NEW YORK, Nov 14- A 1960 s rock band on Friday won a second victory against Sirius XM Holdings Inc in a closely watched copyright battle affecting digital media. She said that unless Sirius by Dec. 5 raises any factual issues requiring a trial, she will rule outright for the plaintiff, Flo& Eddie Inc, a company controlled by founding Turtles members Howard Kaylan and...» Read More
SAN FRANCISCO, Oct 8- Google Inc has asked the U.S. Supreme Court to wade into contentious litigation against Oracle Corp, arguing that the high court must act to protect innovation in high tech. Google's request, filed on Monday, seeks to overturn an appeals court ruling that found Oracle could copyright parts of the Java programming language, which Google used to...
Oct 1- Satellite radio provider Sirius XM Holdings Inc will appeal a California federal judge's decision finding it liable of copyright infringement for airing pre-1972 songs by the band, The Turtles, and failing to pay royalties. District Judge Philip Gutierrez found that California law gave the 1960 s band copyright protection for its music, including the...
District Judge William Pauley III in Manhattan cut a punitive damages award to $750,000 from $7.5 million, and additional aspects of the ruling could reduce the total amount further, according to an attorney for ex-MP3tunes Chief Executive Officer Michael Robertson.
Sept 23- A U.S. judge has sided with members of the 1960 s band the Turtles in their dispute with Sirius XM Holdings Inc, ruling the satellite radio provider infringed on copyrights by airing their pre-1972 songs without paying royalties.
District Judge Thomas Griesa in the federal court in Manhattan, in a ruling made public Tuesday, dismissed Arrow Productions Ltd's $10 million lawsuit against the producers of the film, starring Amanda Seyfried, and its distributor, The Weinstein Company.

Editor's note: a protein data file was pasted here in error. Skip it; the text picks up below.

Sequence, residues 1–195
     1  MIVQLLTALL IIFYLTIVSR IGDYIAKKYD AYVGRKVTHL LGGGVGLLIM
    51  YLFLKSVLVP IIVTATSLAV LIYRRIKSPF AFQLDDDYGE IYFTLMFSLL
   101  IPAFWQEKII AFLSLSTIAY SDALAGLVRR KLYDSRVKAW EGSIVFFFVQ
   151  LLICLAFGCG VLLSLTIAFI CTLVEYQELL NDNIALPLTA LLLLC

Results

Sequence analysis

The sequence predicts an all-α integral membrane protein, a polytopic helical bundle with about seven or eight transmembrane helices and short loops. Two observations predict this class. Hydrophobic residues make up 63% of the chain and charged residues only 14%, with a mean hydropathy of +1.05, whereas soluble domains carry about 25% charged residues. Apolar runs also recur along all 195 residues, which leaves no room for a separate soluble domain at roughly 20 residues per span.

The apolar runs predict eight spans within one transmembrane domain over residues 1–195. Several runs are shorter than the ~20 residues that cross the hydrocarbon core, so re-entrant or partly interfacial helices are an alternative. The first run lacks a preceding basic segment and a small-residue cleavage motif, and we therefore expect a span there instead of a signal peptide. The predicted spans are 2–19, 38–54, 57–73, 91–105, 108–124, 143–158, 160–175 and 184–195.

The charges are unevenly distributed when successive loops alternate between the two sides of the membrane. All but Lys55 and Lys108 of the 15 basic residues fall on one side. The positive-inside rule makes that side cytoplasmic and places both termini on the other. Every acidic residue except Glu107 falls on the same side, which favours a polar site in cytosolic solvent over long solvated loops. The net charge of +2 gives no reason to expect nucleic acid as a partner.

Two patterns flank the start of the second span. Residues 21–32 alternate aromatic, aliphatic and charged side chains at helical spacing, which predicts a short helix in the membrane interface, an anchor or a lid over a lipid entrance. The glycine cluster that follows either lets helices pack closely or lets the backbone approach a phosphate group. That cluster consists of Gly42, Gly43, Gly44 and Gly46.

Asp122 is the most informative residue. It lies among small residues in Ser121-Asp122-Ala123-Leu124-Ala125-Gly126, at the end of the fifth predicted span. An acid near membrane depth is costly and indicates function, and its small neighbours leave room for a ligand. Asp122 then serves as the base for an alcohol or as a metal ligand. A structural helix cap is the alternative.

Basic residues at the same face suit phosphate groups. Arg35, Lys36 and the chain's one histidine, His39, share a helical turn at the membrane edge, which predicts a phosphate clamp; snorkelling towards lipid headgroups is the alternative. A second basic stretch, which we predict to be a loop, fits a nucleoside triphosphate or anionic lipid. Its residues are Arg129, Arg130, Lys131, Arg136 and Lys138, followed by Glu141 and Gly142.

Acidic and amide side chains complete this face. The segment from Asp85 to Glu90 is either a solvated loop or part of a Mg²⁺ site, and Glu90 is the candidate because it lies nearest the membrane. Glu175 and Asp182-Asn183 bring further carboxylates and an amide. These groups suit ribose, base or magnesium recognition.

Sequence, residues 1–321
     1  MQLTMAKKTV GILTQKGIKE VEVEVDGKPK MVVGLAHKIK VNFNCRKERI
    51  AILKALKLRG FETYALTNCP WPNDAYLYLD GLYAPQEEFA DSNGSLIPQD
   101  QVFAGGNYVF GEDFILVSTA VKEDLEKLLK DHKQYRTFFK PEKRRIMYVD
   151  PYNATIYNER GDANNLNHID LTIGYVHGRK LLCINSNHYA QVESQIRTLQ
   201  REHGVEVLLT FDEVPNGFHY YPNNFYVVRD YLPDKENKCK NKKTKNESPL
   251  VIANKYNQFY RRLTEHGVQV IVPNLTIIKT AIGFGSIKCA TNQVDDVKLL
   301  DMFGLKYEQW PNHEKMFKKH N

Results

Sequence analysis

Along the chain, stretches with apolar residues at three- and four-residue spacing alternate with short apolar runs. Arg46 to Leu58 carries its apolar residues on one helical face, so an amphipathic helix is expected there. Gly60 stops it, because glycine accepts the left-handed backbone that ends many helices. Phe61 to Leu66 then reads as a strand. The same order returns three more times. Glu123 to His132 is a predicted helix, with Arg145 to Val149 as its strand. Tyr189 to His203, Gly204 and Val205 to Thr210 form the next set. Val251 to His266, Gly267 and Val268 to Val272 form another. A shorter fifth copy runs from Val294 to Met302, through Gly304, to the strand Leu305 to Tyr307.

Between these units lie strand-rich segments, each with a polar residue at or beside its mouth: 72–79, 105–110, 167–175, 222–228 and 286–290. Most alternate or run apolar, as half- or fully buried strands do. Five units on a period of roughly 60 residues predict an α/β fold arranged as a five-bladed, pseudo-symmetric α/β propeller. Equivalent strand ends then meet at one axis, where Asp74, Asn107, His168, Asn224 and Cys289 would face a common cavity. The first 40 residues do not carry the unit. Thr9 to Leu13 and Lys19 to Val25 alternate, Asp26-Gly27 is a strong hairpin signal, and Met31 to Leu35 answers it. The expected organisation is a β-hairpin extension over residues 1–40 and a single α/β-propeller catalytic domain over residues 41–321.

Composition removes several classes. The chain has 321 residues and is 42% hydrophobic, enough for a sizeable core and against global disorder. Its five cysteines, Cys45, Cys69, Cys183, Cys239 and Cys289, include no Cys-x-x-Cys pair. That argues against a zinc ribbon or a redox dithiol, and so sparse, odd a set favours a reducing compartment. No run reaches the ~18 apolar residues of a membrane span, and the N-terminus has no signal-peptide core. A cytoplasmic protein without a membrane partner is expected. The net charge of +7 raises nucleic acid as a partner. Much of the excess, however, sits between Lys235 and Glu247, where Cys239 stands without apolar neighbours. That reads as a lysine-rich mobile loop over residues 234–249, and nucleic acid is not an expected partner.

District Judge Thomas Griesa in Manhattan, in a ruling made public Tuesday, dismissed Arrow Productions Ltd's $10 million lawsuit against the producers of the film, starring Amanda Seyfried, and its distributor, The Weinstein Company.
The U.S. Copyright Office weighed in on the question of a monkey's selfie in its latest regulatory update, NBC reports.
The U.S. Copyright Office has told Aereo it does not qualify as a cable company, reports CNBC's Sara Eisen.
Roger McNamee, Elevation Partners co-founder, weighs in on the Supreme Court's decision to deem Aereo illegal. McNamee says copyright law has been abused to protect old franchises. CNBC's Jon Fortt provides insight.
WASHINGTON, June 25- The U.S. Supreme Court on Wednesday ruled that online TV service Aereo Inc, backed by media mogul Barry Diller, violates copyright law by using tiny antennas to provide subscribers with broadcast network content via the Internet.
Fifty Sherlock Holmes works published before 1923 by Arthur Conan Doyle are in the public domain, a U.S. appeals court said.
WASHINGTON, June 10- The U.S. Congress is working to update laws on who gets paid for recorded music, in a possible omnibus bill, as old CDs pile up at yard sales and music lovers increasingly shift to streaming services such as Pandora and Spotify. These include legends such as The Beatles, Aretha Franklin, Diana Ross and other Motown artists.
Rejecting an appeal by authors' groups, the 2nd U.S. Circuit Court of Appeals in New York said the HathiTrust Digital Library, which began in 2008 and has scanned more than 10 million works, constituted a "fair use" of copyrighted works.
A New York City jury has awarded the Beastie Boys $1.7 million in a copyright violation case against drink company Monster Beverage.
The Supreme Court said Paula Petrella did not wait too long to file her lawsuit against Metro-Goldwyn-Mayer claiming an interest in the film.
A U.S. appeals court on Friday ruled that Oracle is entitled to copyright protection over certain parts of the Java programming language in a high profile lawsuit against Google.
US Supreme Court justices appeared unsure on Tuesday whether to rule against online TV startup Aereo in a major copyright case.
The Supreme Court is hearing arguments today about the legality of Internet television service Aereo, reports NBC's Pete Williams.
The Village People's original singer has regained control over songs written for the group 35 years later. CNBC's Jane Wells has the details and Victor Willis, original singer for the Village People, explains his battle for the copyrights.